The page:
Cedar Tree Facts

Overview

Cedar trees are an impressive, majestic tree for the home landscape. Modern cultivars, with their blue to silver needles, add an interesting contrast to the green of other landscape trees year round. They are very easy to care for and require little to no pruning or training to develop into strong, long-lived but slow-growing plants.

Types

Only four species exist in the genus Cedrus: Atlas cedar, Cyprian cedar, Deodar cedar and cedar of Lebanon. (Some botanists do not count the Cyprian variety.) Others consider the Atlas cedar to be the same species as the cedar of Lebanon. Numerous forms have been developed and brought into cultivation including blue, weeping and yellow types.

Range

All four species of cedar inhabit a different geographical range. Deodar cedar is native to the Hindu Kush region of India and Pakistan. Atlas cedar grows naturally in the Atlas mountains of Northwest Africa. Cyprian cedar is native to the Mediterranean Island of Cyprus. The cedar of Lebanon grows in Lebanon, Syria and Turkey. All four types grow in the low mountainous areas within their range.

Description

Cedars are evergreen conifer trees reaching 130 to 160 feet tall but usually shorter in cultivation. The exception is Cyprian cedar, which stays shorter at 70 feet. They all grow in a pyramidal shape and flatten out at the top when mature with the exception of the Deodar cedar, which tends to retain the pyramid shape. The needle color varies from green to silvery-blue. They develop separate male and female cones on the same tree, but usually on different branches.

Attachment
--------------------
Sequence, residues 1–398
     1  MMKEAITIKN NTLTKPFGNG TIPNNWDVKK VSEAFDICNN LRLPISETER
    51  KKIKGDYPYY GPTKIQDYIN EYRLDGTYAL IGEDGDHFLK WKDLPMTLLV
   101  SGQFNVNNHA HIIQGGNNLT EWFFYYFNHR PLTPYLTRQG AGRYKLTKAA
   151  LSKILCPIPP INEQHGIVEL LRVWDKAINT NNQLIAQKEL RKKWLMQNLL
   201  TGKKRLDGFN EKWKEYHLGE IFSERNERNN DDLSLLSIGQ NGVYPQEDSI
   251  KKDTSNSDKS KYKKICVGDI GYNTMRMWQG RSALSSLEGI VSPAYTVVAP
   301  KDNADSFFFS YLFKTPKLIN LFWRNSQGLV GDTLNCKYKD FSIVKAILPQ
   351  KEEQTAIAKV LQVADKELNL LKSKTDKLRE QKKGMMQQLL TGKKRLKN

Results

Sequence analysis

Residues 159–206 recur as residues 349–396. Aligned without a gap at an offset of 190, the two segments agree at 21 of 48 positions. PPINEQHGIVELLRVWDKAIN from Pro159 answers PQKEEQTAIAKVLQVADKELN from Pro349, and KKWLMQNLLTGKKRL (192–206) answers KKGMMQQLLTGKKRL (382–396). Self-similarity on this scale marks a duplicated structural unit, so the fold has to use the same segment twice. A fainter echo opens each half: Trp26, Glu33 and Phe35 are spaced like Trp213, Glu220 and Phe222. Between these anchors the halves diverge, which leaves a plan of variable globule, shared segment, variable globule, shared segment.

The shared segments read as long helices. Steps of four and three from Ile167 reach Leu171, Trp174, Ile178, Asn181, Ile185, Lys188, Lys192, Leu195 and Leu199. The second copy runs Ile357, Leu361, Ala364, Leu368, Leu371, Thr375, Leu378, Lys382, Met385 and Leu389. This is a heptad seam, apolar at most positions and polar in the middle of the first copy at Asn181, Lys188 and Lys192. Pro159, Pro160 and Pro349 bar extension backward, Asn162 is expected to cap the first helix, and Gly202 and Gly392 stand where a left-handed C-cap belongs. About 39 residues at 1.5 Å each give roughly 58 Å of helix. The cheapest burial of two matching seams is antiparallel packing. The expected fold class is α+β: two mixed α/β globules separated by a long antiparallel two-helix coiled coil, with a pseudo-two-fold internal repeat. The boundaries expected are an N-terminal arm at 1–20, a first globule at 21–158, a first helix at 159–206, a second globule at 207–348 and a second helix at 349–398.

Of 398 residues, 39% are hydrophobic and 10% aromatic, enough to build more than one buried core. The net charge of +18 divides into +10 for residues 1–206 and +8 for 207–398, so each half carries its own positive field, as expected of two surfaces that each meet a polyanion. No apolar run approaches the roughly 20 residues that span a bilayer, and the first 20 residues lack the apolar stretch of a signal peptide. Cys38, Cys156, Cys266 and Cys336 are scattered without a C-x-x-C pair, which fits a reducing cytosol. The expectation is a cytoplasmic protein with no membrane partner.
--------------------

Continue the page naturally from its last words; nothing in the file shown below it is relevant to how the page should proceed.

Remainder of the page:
Uses

Cedar wood is valued for its rot resistance. Cedar of Lebanon is mentioned in many historical records, including Biblical literature, and was used for construction. In the landscape, cedars make a good specimen or focal point tree in a large area. Many different cultivars have been introduced, including a form of the Atlantic cedar 'Glauca,' which has strikingly blue foliage. Another important Atlantic cedar cultivar is 'Glauca Pendula,' which is a weeping form with blue needles that is often used near decks and patios.

Care

Atlantic, Cyprian and Cedar of Lebanon are hardy in USDA zones 6 through 9. Deodar cedar is hardy in zones 7 through 8. They all like a well-draining soil but are not too picky about specific conditions. They cannot tolerate constantly wet ground. Young trees need some light shade to avoid burning, but full sun after they mature. They are tolerant of hot dry conditions, but Deodar cedar benefits from higher humidity levels.

Keywords: atlas cedar, deodar cedar, cedar of lebanon, cyprian cedar

About this Author

Brian Albert has been in the publishing industry since 1999. He is an expert in horticulture, with a focus on aquatics and tropical plants like orchids. He has successfully run an aquatic plant business for the last five years. Albert's writing experience includes the Greater Portland Aquarium Society newsletter and politics coverage for a variety of online journals.